TULCA, GALWAY’S Festival of Visual Arts 2010, returns from November 6 to 21 and will present work by more than 40 national and international artists across eight venues and public spaces in Galway city.
The title and theme of this year’s event is Living on the Edge: People, Place & Possibility, and while the participating artists hail from as far as Latin America, the 2010 programme will explore many issues relevant to contemporary Ireland.
TULCA 2010 is curated by Michelle Browne, founder of the OUT OF SITE festival of live art in public spaces in Dublin. Originally from Bohermore, Michelle is an award-winning artist who has exhibited widely in Ireland, Europe and the US.
The Hispanic connection
One of the Highlights of TULCA 2010 will be When Faith Moves Mountains by the Mexican artist Francis Alÿs. This widely acclaimed work offers images of social empowerment and collective action and will be exhibited throughout the Festival in the Docks Shed, Dock Street, at the Galway Harbour.
The images focus on a group of 500 volunteers in the outskirts of Lima, Peru. Armed with shovels, volunteers formed a line at the end of a massive 1,600ft sand dune and began moving the sand about four inches from its original location.
Also in the Dock’s Shed, Marjetica Potrc’s Xapuri: Rural School is a case study of a primary school that has been built in a remote area of the Amazonian forest in the Brazilian state of Acre. An artist and architect, Potrc’s work emphasises individual empowerment, problem-solving tools, and strategies for the future.
Mira Mar Y Otros by Belgium-based artists Filip Van Dingenen and dancer/choreographed Barbara Pereyra will run in the Galway Arts Centre for the duration of the festival.
The work is a fictional tour of the last remaining pulperias in remote areas of the Pampas region in Argentina. Pulperias are taverns situated in the countryside selling food, goods, and alcohol. They acted as a meeting point along important roads before the introduction of the railway system.
The demise of the Pulperias in Argentina reflects similar changes in the infrastructure of the Irish countryside, as towns and villages become increasingly isolated as a result of bypassing motorways. See it in the Galway Arts Centre throughout TULCA.
There will also be performance events from a number of artists coming to TULCA, including Paola Paz Yee from Mexico City who will perform Untitled in the Nuns Island Theatre on Sunday November 7 at 6pm. Her work is preoccupied with the need to balance the body inside a piece of art, so she explores spaces with her body.
Venezuelan artist Rico will present a solo piece and a collaborative performance with Ignacio Perez in the Nuns Island Theatre on Sunday November 14th 6pm. Rico’s work explores elements and meanings that speak of her beliefs regarding states of fragility and existence.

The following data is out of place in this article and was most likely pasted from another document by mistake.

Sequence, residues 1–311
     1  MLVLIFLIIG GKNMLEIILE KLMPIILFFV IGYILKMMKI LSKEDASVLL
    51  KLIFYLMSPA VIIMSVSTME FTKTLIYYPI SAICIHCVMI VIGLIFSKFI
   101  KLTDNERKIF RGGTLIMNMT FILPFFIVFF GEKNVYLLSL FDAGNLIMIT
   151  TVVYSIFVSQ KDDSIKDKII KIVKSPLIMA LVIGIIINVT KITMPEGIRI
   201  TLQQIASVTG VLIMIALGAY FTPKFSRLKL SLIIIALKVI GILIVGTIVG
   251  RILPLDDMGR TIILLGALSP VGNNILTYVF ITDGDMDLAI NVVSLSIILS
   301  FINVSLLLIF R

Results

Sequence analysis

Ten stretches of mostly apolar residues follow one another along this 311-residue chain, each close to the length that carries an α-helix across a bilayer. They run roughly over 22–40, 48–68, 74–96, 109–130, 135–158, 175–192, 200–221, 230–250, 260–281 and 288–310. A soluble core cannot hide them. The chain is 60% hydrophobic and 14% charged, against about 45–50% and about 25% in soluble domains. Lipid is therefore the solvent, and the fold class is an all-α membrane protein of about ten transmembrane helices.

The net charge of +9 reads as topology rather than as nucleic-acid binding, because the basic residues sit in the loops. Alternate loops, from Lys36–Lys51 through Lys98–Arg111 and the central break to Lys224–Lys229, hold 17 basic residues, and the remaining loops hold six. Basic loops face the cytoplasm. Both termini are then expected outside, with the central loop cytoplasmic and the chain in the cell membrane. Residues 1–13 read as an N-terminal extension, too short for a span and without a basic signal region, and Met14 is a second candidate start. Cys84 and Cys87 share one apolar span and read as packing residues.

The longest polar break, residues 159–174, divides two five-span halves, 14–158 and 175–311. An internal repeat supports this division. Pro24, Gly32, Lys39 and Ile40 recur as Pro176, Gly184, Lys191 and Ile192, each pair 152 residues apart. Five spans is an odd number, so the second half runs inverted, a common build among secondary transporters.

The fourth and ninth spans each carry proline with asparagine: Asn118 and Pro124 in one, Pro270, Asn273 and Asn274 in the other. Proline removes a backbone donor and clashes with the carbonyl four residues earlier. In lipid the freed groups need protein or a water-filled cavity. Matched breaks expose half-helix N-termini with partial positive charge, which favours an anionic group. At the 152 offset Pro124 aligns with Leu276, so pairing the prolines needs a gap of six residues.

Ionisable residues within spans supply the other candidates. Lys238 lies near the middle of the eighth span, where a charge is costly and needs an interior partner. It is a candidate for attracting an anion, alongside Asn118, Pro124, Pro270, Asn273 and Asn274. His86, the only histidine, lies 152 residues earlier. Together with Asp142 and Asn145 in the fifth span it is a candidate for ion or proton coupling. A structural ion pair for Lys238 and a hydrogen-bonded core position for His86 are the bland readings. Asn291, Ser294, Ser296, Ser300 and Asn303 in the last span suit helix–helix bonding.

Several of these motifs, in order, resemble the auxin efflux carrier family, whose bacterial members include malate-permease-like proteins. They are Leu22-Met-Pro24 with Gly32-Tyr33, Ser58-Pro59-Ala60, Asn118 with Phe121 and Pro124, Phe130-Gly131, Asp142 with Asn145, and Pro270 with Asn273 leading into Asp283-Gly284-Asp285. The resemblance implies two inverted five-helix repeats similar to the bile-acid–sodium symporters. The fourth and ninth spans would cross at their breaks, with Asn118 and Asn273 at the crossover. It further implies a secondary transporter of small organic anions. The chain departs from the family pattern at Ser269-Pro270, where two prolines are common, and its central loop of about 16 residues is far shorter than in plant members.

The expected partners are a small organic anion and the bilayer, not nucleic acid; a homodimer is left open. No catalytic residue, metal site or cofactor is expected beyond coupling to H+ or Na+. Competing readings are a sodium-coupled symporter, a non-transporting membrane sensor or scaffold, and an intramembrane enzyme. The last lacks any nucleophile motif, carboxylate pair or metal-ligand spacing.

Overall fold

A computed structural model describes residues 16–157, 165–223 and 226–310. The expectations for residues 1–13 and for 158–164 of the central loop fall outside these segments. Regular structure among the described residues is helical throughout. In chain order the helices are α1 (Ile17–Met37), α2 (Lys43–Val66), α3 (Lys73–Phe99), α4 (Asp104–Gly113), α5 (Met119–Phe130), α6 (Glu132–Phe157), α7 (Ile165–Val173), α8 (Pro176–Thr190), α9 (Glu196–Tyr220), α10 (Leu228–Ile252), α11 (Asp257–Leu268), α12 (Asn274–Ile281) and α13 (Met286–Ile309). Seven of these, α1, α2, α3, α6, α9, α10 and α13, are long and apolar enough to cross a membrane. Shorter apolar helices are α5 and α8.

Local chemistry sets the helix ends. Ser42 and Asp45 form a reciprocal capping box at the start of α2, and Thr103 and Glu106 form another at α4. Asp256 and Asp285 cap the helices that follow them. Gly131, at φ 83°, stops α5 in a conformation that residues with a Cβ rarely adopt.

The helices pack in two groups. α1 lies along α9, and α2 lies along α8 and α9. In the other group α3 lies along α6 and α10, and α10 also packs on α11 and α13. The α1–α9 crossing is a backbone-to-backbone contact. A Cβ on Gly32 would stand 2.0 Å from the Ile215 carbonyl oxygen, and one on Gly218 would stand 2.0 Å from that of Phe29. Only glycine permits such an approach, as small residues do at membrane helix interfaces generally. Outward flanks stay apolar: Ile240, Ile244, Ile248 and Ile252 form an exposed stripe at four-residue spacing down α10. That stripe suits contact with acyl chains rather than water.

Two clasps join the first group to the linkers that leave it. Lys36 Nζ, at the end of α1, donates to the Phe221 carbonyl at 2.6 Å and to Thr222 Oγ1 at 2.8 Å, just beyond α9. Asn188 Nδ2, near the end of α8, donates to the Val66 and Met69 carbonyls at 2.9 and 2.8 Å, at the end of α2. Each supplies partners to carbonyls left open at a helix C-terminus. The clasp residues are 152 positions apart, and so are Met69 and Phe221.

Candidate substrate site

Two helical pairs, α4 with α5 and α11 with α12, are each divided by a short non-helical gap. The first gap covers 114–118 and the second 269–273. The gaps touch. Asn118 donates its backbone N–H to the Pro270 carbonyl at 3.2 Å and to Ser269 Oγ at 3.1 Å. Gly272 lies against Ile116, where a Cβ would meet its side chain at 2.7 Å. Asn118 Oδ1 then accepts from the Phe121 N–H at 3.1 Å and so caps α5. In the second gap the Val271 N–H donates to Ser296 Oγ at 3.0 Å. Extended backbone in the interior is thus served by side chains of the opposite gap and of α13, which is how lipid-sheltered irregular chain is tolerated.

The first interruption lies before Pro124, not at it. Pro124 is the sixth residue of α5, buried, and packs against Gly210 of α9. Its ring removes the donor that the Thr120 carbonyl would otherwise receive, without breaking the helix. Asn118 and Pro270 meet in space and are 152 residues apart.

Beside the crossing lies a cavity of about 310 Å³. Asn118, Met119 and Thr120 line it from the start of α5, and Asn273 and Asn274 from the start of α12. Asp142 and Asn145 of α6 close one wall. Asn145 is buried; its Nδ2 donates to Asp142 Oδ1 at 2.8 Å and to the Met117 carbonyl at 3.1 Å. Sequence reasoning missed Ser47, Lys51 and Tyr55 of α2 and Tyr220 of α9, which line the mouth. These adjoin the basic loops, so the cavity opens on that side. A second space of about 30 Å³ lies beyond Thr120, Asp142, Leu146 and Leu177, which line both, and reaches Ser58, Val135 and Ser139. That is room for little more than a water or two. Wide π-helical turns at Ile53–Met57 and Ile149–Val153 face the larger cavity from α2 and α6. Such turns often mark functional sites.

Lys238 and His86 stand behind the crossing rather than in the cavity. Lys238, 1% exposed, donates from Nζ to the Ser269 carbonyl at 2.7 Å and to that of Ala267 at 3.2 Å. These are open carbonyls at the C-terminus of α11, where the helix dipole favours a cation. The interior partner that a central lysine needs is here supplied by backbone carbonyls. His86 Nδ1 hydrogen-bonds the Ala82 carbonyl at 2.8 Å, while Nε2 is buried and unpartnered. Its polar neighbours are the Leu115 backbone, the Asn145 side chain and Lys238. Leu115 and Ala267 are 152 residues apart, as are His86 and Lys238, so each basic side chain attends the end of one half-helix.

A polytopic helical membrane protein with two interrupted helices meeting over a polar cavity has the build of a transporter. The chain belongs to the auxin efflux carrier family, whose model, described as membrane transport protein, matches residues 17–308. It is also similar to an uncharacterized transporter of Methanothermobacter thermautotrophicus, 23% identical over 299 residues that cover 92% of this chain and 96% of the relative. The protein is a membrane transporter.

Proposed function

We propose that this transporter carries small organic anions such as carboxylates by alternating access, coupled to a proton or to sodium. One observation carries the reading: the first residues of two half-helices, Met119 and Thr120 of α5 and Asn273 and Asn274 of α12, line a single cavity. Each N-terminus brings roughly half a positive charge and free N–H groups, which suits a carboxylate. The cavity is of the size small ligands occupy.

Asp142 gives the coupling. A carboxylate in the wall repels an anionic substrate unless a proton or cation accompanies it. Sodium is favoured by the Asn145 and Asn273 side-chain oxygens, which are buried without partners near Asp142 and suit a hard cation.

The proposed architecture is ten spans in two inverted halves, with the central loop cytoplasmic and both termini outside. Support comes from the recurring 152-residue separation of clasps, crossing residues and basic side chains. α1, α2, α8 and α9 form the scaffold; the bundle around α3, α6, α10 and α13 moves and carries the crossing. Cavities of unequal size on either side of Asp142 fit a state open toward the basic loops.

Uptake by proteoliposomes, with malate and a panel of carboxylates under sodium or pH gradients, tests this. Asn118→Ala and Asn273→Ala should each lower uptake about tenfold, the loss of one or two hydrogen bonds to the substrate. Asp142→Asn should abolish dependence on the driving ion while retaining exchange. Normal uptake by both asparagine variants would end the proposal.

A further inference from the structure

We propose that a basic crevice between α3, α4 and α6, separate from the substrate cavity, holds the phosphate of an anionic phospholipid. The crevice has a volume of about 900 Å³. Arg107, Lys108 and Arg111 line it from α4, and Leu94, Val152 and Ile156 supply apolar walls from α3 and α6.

Live @ 8 in Bar 8 on The Docks will hold a special event on Wednesday November 10 from 8pm to 10pm, showing a selection of video work by South American artists.
Galway and Ireland
Galway and its surrounding areas recurs throughout the TULCA 2010 programme. The Promenade is the subject of Galway-based artist Ruby Wallis’ Auto Promenades, involving different participants from a variety of backgrounds, in Galway Arts Centre.
Aughty Public Art Projects 2010 is based on the work of artists Emma Houlihan, Marie Connole, and Tom Flannagan, and their engagement with communities in Woodford, Portumna and Loughrea. It will be exhibited in the Fairgreen Gallery.
Galway artist Fiona Woods has also created an exhibition specifically for Tulca 2010, entitled Common?. Common? will become a feature of the city for the two weeks of the Festival, and will feature large, sometimes surreal, images being displayed in Eyre Square and the Spanish Arch.
Engage Studios will host a show by the Irish artists Eimear Jean McCormack , Jennifer Cunningham, Cecilia Danell, Miriam Donohue, Meave Curtis, and Maria Brennan in the Niland Gallery, Merchants Road.
James Ó hAodha spent a number of weeks working in Merlin Park Hospital in the normally closed context of the dialysis unit in a dialogue with the staff and patients who occupy it on a daily basis. Service users of the dialysis unit are required to spend an average of four hours a day for three days in every week.
Ó hAodha's photographs, using super 8 film on manual view finder, investigate life within the unit. See the results in the Fairgreen Gallery, Ground Level, throughout TULCA from 12 noon to 7pm.
One of the potentially fascinating Irish exhibitions could be Denis Buckley’s Bohola Men. Bohola Men is inspired by the post-war Irish presence in London and the estimation that from 1939 to 1969 the Irish in Britain contributed some £3 billion to Ireland.
Bohola Men is a performance ballad, using documentary footage mixed with personal experience. Buckley relates how the collectivism and usefulness of Ireland’s post war emigrants, who believed in an imagined sense of place, is no longer needed in an ideology of individualism and how witnessing that shift has tempered his sense of belonging. See it in Bar 8, Saturday November 20 at 6pm.
Admission to all events is free. The TULCA programme is now available in businesses and venues across the city. See also www.tulca.ie for full programme details.